Knot, tied: New York Times columnist David Brooks wed Anne Snyder, his former research assistant, on Sunday.
The couple’s relationship sort-of went public in an inauspicious way — Politico noted in a wink-wink 2015 piece that the conservative columnist had devoted an outsized amount of verbiage in the acknowledgements of his book “The Road to Character” to Snyder, who is 23 years his junior. But all’s well that ends with bells, and Atlantic Media owner David Bradley and his wife, Katherine Bradley, threw a rehearsal luncheon for the couple on Saturday, we’re told (that poolside tent saw a lot of activity this weekend), followed by a Sunday ceremony.
It’s the first marriage for Snyder, 32, now a freelance writer and director of a Houston, Tex., non-profit initiative. Brooks, 55, acknowledged his split from first wife, Sarah Brooks, in early 2015. They have three children.
Even though David may now be a Christian, I am glad to see he hasn’t lost his chutzpah.
Speaking of Character (with Anne Snyder, David Brooks, and Candace Vogler)
Many different cultures treat developing good character as one of the central challenges in human life. Your character draws together strengths that help you to pursue and promote good reasonably, avoid bad responsibly, and participate in the collective movements toward common good that shape the social world in which you find yourself. Good character is, as one says, a proof against rewards–a good person does not, for instance, betray her friends or her firm for the sake of personal advantage. Good character is supposed to help people set their priorities, to think well about good courses of action they might pursue here and now, experience sorrow over genuine losses, joy over real triumphs, and more generally to live wisely and well.
With background reading by two philosophers, we will gather to think and talk about character in a one-day seminar. Questions that will orient our discussion include:
How has your own character been shaped?
In what ways do you expect that support for character development might be hard to come by in the next decade?
What rhythms, practices, or institutions might you engage and rely upon to help you move forward on a path to strong character?
David Brooks, Anne Snyder, and Candace Vogler hope that you will join a conversation about character.
Seminar Date: Saturday May 27th
Seminar Time: 10 a.m. – 3:30 p.m.
Schedule: 10 a.m. – 11 a.m. Coffee
11 a.m. – 12:30 p.m. Session I
12:30 p.m. – 2 p.m. Lunch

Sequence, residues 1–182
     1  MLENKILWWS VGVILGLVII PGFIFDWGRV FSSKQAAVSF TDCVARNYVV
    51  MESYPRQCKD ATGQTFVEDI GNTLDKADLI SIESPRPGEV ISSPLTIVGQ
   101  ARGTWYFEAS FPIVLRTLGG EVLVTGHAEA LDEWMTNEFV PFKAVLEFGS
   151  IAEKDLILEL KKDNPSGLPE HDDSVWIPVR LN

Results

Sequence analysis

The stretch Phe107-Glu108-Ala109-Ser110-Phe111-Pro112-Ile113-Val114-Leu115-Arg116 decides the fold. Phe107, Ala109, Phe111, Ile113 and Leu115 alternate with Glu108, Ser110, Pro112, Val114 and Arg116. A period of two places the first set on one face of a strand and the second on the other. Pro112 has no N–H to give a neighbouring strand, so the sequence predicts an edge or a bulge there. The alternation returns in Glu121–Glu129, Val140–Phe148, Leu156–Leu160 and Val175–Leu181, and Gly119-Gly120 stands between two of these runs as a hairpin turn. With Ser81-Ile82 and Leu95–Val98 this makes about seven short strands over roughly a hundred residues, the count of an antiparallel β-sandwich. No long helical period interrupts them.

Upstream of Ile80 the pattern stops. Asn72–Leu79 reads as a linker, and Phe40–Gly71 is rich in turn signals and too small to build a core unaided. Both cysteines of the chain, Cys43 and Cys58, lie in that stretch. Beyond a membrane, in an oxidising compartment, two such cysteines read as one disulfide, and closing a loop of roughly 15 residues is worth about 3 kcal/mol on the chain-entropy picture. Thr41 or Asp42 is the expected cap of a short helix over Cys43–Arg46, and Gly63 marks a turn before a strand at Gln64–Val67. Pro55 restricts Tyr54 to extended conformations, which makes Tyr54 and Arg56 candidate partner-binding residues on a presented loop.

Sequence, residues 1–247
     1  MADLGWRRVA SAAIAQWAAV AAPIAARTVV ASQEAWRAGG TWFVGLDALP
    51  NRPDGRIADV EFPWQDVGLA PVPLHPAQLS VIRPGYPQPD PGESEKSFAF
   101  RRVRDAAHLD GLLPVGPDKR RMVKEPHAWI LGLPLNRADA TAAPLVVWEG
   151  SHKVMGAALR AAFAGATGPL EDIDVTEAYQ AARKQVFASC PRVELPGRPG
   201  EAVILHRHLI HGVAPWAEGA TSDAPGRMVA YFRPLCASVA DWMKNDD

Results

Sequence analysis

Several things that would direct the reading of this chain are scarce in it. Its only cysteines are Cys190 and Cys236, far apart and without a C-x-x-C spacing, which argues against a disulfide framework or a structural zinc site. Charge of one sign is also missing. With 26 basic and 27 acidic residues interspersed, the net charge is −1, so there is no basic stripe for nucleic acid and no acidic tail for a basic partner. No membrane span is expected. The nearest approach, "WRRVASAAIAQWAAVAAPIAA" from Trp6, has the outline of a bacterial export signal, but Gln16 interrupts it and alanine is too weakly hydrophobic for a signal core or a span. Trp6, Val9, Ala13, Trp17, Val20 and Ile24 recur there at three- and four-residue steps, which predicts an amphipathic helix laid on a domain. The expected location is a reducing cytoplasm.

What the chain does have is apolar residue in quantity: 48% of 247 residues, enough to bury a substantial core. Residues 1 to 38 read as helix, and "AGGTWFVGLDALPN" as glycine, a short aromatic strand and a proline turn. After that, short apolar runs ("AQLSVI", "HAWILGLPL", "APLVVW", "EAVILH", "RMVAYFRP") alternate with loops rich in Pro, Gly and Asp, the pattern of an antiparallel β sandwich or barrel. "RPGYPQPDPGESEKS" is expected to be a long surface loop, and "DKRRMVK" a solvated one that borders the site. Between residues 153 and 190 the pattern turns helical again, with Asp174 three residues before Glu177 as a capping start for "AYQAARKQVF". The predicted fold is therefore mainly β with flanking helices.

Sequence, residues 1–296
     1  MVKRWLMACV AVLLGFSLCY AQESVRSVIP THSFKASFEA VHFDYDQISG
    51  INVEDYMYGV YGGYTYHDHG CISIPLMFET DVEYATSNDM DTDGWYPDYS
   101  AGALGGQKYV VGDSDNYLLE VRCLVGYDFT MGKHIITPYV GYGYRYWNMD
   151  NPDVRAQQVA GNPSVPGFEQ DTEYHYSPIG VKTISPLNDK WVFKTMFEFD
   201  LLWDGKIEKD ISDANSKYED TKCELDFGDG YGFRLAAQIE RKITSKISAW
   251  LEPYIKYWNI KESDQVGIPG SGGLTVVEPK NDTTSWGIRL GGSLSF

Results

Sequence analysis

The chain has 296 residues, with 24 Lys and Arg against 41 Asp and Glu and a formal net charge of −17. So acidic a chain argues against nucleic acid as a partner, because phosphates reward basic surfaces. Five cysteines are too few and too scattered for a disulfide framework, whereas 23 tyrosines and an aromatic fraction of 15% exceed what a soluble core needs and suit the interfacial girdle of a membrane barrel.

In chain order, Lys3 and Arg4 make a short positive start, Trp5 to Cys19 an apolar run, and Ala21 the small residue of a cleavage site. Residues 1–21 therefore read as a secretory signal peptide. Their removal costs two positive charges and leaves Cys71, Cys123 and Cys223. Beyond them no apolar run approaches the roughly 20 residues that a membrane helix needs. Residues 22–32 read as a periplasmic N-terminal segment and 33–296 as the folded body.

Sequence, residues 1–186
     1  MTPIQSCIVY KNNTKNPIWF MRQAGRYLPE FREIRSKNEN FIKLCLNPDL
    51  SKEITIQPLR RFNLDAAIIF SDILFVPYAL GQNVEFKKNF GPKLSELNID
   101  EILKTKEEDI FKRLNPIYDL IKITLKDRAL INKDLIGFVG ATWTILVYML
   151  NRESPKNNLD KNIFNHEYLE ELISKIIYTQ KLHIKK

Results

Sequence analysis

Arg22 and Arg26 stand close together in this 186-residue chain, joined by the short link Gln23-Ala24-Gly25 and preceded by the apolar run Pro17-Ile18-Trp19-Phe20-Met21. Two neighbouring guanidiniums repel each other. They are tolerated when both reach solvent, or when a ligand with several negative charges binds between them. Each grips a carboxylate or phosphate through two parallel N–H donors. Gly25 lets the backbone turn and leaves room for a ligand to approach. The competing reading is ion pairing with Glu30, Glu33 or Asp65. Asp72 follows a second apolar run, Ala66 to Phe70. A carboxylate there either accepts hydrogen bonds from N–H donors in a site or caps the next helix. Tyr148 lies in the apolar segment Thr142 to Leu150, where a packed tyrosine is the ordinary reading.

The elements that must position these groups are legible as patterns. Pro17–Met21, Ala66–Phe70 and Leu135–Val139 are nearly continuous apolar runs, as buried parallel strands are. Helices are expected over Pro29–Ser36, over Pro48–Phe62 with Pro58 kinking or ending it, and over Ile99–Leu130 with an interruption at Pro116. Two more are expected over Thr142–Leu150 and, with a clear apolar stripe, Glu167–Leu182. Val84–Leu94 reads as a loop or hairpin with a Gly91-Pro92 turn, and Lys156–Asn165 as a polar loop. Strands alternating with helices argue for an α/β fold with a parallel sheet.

2 p.m. – 3:30 p.m. Session II
Location: Cobb Hall 402
Participation: To take part in the seminar, please complete the application below by April 24th.
David Brooks became an Op-Ed columnist for The New York Times in September 2003. He is currently a commentator on “The PBS Newshour,” NPR’s “All Things Considered” and NBC’s “Meet the Press.” He is the author of “Bobos In Paradise: The New Upper Class and How They Got There” and “The Social Animal: The Hidden Sources of Love, Character, and Achievement.” In April of 2015 he came out with his fourth book, The Road to Character, which was a #1 New York Times bestseller. Mr. Brooks also teaches at Yale University, and is a member of the American Academy of Arts & Sciences.
Anne Snyder is the Director of The Character Initiative at The Philanthropy Roundtable, a pilot program that seeks to help foundations and wealth creators around the country advance character formation through their giving. She is also a Fellow at the Center for Opportunity Urbanism, a Houston-based think tank that explores how cities can drive opportunity and social mobility for the bulk of their citizens. Prior to jumping to the Lonestar state she worked at The New York Times in Washington, as well as World Affairs Journal and the Ethics and Public Policy Center. She holds a Master’s degree in journalism from Georgetown University and a B.A. in philosophy and international relations from Wheaton College (IL). Anne has published in National Journal, The Washington Post, The Atlantic Monthly, Philanthropy Magazine, Orange County Register, Center for Opportunity Urbanism, The Institute for Family Studies, FaithStreet, Comment Magazine, Verily, Humane Pursuits, and FareForward.
I can’t wait to learn some amazing insights on building character from David and Anne.